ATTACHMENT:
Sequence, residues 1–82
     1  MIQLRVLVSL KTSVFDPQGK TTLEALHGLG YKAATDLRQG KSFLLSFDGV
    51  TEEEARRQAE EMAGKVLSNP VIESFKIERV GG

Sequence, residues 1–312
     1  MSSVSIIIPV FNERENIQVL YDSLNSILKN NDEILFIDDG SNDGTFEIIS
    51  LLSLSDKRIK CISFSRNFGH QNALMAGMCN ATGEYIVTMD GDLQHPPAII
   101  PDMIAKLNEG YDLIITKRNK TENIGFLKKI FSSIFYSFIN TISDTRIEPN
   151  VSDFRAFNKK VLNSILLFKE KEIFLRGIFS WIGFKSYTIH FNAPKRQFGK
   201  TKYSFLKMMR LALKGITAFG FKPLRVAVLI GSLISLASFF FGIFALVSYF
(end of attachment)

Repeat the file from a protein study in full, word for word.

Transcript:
Sequence, residues 1–82
     1  MIQLRVLVSL KTSVFDPQGK TTLEALHGLG YKAATDLRQG KSFLLSFDGV
    51  TEEEARRQAE EMAGKVLSNP VIESFKIERV GG

Sequence, residues 1–312
     1  MSSVSIIIPV FNERENIQVL YDSLNSILKN NDEILFIDDG SNDGTFEIIS
    51  LLSLSDKRIK CISFSRNFGH QNALMAGMCN ATGEYIVTMD GDLQHPPAII
   101  PDMIAKLNEG YDLIITKRNK TENIGFLKKI FSSIFYSFIN TISDTRIEPN
   151  VSDFRAFNKK VLNSILLFKE KEIFLRGIFS WIGFKSYTIH FNAPKRQFGK
   201  TKYSFLKMMR LALKGITAFG FKPLRVAVLI GSLISLASFF FGIFALVSYF